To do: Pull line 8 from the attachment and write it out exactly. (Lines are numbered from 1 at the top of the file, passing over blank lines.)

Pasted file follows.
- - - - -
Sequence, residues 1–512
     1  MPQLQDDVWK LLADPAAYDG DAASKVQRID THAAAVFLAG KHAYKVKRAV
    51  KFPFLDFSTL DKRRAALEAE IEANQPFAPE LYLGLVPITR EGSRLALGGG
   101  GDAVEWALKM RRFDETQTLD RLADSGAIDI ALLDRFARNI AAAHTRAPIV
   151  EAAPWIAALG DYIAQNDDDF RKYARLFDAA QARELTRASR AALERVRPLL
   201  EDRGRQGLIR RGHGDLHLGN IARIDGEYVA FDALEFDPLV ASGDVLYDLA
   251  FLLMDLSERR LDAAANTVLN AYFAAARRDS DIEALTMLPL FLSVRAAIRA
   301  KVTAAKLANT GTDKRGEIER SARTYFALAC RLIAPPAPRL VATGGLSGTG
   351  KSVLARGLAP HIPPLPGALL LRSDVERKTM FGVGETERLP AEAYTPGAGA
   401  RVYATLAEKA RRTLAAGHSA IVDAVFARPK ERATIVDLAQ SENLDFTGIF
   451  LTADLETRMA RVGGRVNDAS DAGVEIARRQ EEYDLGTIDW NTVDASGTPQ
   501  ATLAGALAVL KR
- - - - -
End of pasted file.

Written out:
   301  KVTAAKLANT GTDKRGEIER SARTYFALAC RLIAPPAPRL VATGGLSGTG